Liberation Day picks up right where Mask of Arcadius left off - the preparation period before the Combined Fleet was set to liberate Cera from PACT control. The gameplay is pretty much identical to that in Mark of Arcadius, although there's a distinct drop in the stability of the game. I had multiple crashes and near-crashes where the game would abruptly stop and take 20 or 30 seconds reloading the scripts before letting me continue. One of these instances was particularly irritating as I had just tried to use the Vanguard cannon when it crashed. Upon reloading, it has deducted my command points but done no damage to any of the enemy ships. Not only that but the animation of the cannon's attack would flash on screen in an endless loop every three seconds no matter what I did. Other times, the available movements would fail to show on screen. Sometimes it would render duplicates of every enemy on the map but without any stats or hitboxes; essentially empty sprites that can't move or be attacked but still show on screen. That's basically how the whole game felt - the same as the original but less refined and a bit broken.
One thing that did definitely improve since Mask of Arcadius was the art. The characters have a much less amateur feel to them and generally look better all around. The option to switch between Japanese and English dialogue in battles was a nice touch as well. It's a shame, however, that the for all the improvement in the art quality, the writing quality saw an equal decline, especially at about the halfway point. Maybe the plethora of bugs had made me a bit jaded about the game in general by that point, but the writing started to feel a bit uninspired and drab after a while as if the writers had lost inspiration and just kept writing to finish for the sake of a deadline. Given how much the story sucked me into the first game, that was a supremely upsetting shift in quality. Not only did the writing cease to be nearly as engaging as it was previously, but in the epilogue of sorts, they completely start contradicting things previously established. I won't give anything away in case anyone decides to play through this, but suffice it to say that time travel is involved, and the rules of temporal mechanics that the game establishes for its universe are promptly disregarded like an hour later; not only are those rules disregarded, but they're explicitly contradicted more than once. That's a more minor sci-fi nerd nit pick, I know, but as some of my friends can attest, that stuff REALLY irks me.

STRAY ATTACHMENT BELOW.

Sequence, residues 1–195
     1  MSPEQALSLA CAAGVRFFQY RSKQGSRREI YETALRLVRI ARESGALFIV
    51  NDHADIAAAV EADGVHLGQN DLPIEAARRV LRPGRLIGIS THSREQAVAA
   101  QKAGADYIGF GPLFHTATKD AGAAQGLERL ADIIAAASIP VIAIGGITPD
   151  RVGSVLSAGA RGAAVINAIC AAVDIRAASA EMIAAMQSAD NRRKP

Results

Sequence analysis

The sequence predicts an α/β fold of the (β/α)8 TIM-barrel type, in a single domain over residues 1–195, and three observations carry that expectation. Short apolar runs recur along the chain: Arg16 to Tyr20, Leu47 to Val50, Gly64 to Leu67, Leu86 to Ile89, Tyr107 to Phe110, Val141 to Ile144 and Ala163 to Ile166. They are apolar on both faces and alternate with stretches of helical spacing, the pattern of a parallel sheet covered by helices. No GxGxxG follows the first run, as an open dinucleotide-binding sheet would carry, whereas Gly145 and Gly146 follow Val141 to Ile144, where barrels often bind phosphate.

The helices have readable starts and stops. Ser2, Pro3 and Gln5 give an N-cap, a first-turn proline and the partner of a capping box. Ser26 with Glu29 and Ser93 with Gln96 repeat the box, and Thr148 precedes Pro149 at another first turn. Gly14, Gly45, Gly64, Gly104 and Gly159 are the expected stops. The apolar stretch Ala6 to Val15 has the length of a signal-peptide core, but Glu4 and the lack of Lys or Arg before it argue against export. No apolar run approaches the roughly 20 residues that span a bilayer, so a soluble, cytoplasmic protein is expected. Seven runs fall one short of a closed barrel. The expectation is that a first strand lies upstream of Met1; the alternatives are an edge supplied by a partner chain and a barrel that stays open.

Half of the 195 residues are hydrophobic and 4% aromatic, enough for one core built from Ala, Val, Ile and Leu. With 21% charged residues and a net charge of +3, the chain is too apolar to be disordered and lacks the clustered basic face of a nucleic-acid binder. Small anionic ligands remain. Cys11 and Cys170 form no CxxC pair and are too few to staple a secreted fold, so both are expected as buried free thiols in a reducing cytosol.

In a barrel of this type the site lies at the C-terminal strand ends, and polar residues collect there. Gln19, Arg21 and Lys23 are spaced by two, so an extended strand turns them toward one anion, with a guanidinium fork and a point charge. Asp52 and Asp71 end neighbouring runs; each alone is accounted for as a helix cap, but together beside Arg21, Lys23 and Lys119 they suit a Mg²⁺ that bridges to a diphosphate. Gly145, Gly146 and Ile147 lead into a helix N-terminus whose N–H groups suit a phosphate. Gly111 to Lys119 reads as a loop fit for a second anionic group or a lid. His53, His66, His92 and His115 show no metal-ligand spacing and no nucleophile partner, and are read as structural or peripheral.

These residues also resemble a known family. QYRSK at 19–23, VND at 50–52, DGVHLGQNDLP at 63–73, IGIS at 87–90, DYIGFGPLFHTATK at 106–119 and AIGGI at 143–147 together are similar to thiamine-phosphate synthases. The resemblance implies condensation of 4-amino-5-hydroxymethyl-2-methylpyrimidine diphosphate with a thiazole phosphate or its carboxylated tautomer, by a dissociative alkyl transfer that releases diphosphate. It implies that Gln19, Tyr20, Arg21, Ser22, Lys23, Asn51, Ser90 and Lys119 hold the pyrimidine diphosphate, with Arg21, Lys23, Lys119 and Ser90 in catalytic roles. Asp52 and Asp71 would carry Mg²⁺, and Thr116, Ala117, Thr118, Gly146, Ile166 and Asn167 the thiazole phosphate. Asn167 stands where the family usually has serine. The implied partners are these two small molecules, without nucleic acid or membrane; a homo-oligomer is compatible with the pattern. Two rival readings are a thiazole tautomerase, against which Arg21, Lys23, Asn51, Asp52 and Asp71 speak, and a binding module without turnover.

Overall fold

I know I mentioned the various crashes and bugs earlier, but those more specific things aren't the only performance issues I encountered. There was significant and general system slowdown when I launched the game - slowdown on a system with no other applications running except the general background stuff, a GTX 980 card, and a quad core processor running 4 GHz per core. Under no circumstances should a damn visual novel cause major slowdown and sluggish performance. Everything just gave the impression that the game wasn't as well optimized as the first one and hadn't been put through nearly enough testing and QA before release or after release.
All in all, Sunrider: Liberation Day isn't a bad VN, and assume one could play it without being horribly confused by missing the context from the first game, it would probably come off as a perfectly acceptable low budget game. The problem is that with only a couple exceptions, the overall quality takes a hit from the first game. The presentation is better, but that presentation very quickly gives way to the plethora of flaws lying underneath. Between that quality decline and the huge parts of the plot left completely unresolved by the end of the game, it just leave a lot to be desired. If you've gone through the first game and see this one on sale, I'd still recommend it, but it's not one that I'd go out of my way to play.
My Rating - 3 Neps
Panzer Dragoon Saga is a legendary game for a lot of reasons. It's a "holy grail" tier game for collectors - as of this posting, a complete copy in good condition can sell for more than $600 - as well as an extremely rare game even at launch with only around 50,000 produced for the North American continent. Couple that with being exclusive to a commercially disastrous console and a lost source code ensuring it would never be ported or re-released, and you've got a perfect recipe for a game that's as much myth as anything else.
Panzer Dragoon Saga is the third of the three Panzer Dragoon games on Sega's Saturn console, and it's a departure from the rest of the series in that it's the only game that isn't a rail shooter. Panzer Dragoon Saga - known as Azel: Panzer Dragoon RPG in Japan - is, as the Japanese title suggests, a role playing game. You play as Edge, a young mercenary in the employ of the Empire to help guard an Ancient Age excavation site from monster attacks. At this dig site, a most unusual discovery is made - a woman, seemingly in a state of suspended animation of some sort, embedded in the rock wall. When the site is attacked by the Black Fleet, a formerly-Imperial fleet under the command of the traitor Craymen, the mysterious woman is stolen and Edge's friends and comrades massacred. Edge manages to escape with the help of a mysterious dragon and sets off on a quest to hunt down Craymen and avenge his friends' murders. Little does he know that he's been thrust into a struggle in which the fate of the entire human race is at stake.